The events taking place on the US-Mexico border in the months of June and July 2018, such as the immigrant families detained, deported, separated, and the executive order signed by Donald Trump, “Zero Tolerance Policy,” have once again become newspaper headlines; and US government speeches have made me feel frustrated, once more. One reason for this is that the crisis facing immigrant families that are being separated and transferred to detention centers, among other institutionalized shelters, is using the same strategy of hate, discrimination, racism, and dehumanization, among many other injustices. And this is where I ask myself, what happens all the time after a crisis like the one taking place now? It is forgotten. And the true story that includes the voice, the documents and statistics of the communities is lost. And when we seek to recover those voices/documents, they are often incomplete or corrupted. This is how the history that tells the story about the border is an altered creation that benefits the dominant and aggressive nation.

My case is an example. I am from the border between El Paso, Texas and Ciudad Juárez, Chihuahua, which on the one hand is perceived as an insipid place without history and on the other is distinguished by its ease of converting crisis stories into fiction or production factories, always being used, destroyed and abandoned. Similarly, there is also the case of the thousands of Central American migrants who are now being part of a history that hides the main reasons for their migration[2], such as the intervention of the United States in Central America since the beginning of the twentieth century and the abuses they have faced during their immigration trajectories https://www.facebook.com/ajplusenglish/videos/275760276504019/UzpfSTc0Nzc0MTM5MDoxMDE1NjE5NzEwMTI4NjM5MQ/. In such a way that violence, poverty, and migration, among other crises that represent Central America and the border itself, are not due to their inhabitants but because of the mechanisms integrated into these countries for the economic, political and hegemonic benefit of the US government. It is necessary to keep historical memory present in order to emphasize awareness, decolonization of their consciousness, and resistance to oppressive mechanisms in a transnational manner.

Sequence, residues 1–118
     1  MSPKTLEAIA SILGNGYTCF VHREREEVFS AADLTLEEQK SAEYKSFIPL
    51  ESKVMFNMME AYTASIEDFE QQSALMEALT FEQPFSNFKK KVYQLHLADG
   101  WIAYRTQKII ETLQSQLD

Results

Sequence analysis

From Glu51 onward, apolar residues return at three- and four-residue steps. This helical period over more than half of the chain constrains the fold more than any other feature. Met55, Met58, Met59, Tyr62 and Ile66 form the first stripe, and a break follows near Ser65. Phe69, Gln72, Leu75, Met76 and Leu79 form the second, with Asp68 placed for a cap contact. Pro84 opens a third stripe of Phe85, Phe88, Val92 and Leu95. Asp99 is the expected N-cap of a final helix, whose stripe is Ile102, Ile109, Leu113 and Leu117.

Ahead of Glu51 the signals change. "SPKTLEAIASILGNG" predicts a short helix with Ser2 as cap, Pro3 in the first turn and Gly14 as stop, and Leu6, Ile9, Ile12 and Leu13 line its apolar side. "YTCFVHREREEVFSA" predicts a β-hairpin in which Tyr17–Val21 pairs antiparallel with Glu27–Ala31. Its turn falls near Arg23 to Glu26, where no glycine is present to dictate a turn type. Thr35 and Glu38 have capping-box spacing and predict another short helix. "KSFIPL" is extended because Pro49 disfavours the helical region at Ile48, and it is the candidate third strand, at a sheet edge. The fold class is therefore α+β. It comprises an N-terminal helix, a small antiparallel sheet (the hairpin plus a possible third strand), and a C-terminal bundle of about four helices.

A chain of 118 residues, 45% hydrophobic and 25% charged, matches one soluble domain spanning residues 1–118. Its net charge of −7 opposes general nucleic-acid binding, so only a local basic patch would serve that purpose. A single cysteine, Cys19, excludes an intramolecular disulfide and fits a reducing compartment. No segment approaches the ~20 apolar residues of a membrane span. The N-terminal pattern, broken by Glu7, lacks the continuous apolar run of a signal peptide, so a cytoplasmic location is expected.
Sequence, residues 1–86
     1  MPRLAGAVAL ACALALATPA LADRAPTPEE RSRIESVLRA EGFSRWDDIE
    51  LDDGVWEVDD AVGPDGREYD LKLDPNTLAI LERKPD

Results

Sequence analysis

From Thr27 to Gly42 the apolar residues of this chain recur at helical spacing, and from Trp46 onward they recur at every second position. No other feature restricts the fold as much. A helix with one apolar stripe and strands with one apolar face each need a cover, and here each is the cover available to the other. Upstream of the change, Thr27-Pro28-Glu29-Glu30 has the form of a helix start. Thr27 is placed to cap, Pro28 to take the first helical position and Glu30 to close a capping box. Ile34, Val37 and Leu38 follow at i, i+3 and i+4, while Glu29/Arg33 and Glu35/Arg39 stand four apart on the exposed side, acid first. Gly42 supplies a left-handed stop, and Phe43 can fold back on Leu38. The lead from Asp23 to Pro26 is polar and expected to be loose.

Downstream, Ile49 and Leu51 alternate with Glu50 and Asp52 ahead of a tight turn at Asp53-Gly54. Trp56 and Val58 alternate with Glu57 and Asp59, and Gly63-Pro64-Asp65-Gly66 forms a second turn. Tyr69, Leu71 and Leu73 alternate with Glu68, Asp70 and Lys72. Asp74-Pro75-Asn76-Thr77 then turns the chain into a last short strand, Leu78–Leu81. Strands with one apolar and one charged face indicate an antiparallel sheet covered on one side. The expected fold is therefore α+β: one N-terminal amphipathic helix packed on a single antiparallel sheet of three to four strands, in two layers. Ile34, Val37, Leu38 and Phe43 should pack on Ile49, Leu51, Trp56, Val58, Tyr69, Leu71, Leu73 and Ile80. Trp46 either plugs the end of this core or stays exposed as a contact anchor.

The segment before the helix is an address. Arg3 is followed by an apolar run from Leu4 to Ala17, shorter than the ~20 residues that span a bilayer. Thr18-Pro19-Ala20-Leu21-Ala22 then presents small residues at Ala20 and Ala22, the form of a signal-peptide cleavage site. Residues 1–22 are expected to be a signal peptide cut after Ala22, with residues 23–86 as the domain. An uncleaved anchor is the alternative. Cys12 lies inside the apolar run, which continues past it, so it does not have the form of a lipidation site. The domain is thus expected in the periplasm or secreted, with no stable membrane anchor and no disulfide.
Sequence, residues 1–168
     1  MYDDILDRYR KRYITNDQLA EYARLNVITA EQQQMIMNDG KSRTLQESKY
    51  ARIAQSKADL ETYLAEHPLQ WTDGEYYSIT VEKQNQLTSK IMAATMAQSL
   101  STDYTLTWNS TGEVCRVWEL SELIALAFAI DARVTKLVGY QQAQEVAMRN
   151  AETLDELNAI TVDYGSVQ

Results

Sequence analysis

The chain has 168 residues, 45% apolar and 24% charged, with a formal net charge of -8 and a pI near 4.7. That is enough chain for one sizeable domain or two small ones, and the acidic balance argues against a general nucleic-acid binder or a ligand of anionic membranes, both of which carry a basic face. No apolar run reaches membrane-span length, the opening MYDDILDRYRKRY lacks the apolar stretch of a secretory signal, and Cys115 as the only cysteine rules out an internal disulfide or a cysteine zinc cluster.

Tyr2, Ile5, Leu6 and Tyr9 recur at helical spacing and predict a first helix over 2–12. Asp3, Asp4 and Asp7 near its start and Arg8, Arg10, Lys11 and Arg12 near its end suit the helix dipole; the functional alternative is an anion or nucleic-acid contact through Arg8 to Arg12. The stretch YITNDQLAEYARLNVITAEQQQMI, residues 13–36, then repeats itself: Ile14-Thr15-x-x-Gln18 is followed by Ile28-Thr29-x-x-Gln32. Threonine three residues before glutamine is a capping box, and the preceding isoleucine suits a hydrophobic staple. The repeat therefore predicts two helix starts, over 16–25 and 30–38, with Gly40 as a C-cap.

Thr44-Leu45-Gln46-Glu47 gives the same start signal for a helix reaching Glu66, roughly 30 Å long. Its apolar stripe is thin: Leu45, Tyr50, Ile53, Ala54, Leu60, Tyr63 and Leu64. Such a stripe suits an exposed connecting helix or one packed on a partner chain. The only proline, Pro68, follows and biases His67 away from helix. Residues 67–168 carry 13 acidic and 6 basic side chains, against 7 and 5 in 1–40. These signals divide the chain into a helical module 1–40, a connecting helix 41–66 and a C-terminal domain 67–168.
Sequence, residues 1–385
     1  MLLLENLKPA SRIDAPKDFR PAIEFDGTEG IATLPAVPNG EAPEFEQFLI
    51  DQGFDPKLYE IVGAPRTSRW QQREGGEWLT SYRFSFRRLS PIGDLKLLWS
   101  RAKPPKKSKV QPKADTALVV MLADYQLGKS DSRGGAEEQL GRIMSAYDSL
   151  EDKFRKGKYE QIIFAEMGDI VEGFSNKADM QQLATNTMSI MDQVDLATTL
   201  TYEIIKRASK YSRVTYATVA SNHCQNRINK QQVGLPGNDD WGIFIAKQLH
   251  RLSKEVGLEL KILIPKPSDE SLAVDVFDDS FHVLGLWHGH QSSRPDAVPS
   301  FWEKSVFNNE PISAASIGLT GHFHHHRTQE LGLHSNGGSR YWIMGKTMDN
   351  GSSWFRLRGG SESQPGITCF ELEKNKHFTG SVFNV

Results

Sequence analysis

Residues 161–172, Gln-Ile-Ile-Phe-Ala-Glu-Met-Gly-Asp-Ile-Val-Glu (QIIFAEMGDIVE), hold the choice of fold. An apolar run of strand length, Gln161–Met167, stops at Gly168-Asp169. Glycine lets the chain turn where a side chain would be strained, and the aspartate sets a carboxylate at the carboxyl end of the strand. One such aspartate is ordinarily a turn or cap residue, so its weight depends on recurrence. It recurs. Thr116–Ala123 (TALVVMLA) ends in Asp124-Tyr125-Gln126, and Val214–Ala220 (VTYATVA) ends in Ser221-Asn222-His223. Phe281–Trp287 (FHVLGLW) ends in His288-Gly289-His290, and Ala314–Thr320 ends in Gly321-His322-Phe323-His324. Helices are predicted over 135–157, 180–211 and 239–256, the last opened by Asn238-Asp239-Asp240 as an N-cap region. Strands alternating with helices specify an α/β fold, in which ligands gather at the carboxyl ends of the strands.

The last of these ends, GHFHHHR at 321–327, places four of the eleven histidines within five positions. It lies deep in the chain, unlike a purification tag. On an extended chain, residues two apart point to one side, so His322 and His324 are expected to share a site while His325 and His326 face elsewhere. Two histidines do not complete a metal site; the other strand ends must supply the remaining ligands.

With this in mind, over the past 3 years, I have been part of Recovering the US Hispanic Literary Heritage as a Research Fellow. This has given me the opportunity to be exposed to a vast amount of recovered archives that contain the voices of the past. Particularly, many newspapers and unknown personal archives have led me to understand and be conscious of the existence of Other histories. These documents, personal archives, and US Latina/o academic research have shown me that the border cities of El Paso and Cd. Juárez and this special space that they create is a region of relevant cultural and historical production. Yet, since it is considered the periphery of the United States and Mexico, there is a lack of knowledge and disregard for this region and its transnational literary heritage, especially from locals who do not conceive this legacy as part of their identity and patrimony. My experience in Recovery coupled with my transfronteriza identity led me to think of a project that could integrate the US-Mexico borderlands and together with my colleague, Maira Álvarez—a fronteriza from Laredo, Texas—we founded Borderlands Archives Cartography; a project that maps nineteenth and mid-twentieth centuries newspapers published on both sides of the border to visualize the multiplicity and hidden history(es) of this region.